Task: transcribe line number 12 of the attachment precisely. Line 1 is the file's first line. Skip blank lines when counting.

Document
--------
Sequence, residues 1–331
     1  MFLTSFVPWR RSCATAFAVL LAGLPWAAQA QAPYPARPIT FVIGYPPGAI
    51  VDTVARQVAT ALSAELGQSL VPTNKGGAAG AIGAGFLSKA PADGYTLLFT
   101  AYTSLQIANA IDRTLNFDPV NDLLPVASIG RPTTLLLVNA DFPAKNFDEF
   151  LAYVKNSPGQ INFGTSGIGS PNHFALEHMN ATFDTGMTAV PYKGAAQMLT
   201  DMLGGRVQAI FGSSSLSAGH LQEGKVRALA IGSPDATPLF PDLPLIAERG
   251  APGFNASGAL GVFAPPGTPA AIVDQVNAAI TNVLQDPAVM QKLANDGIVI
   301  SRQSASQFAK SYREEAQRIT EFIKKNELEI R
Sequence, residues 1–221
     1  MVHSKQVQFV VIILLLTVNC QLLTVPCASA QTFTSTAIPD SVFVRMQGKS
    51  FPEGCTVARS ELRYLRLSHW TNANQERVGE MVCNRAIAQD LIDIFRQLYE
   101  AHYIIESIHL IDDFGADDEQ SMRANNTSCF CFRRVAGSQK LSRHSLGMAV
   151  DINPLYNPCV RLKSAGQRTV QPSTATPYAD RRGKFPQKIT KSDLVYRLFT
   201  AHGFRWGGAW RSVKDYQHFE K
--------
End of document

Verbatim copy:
   101  AHYIIESIHL IDDFGADDEQ SMRANNTSCF CFRRVAGSQK LSRHSLGMAV